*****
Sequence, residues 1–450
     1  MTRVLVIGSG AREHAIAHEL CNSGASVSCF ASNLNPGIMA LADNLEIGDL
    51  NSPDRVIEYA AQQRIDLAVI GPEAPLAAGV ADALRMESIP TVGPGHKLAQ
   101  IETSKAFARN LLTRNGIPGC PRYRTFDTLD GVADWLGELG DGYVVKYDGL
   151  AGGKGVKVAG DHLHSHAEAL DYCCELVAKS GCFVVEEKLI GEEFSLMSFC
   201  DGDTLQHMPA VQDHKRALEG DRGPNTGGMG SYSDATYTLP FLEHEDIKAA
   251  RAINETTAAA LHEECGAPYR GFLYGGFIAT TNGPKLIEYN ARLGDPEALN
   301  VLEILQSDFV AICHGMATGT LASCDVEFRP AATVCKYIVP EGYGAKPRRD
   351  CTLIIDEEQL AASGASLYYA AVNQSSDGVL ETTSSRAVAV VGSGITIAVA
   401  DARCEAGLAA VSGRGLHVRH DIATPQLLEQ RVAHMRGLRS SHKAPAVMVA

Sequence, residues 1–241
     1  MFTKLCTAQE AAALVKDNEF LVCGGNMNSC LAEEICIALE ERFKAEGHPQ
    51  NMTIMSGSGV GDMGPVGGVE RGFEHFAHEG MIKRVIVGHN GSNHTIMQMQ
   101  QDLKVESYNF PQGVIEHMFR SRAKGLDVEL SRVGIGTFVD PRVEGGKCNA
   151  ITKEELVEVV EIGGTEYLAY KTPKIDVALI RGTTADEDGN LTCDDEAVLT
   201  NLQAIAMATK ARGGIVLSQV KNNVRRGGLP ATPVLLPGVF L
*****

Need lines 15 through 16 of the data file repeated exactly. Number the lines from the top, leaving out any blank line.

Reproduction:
   151  ITKEELVEVV EIGGTEYLAY KTPKIDVALI RGTTADEDGN LTCDDEAVLT
   201  NLQAIAMATK ARGGIVLSQV KNNVRRGGLP ATPVLLPGVF L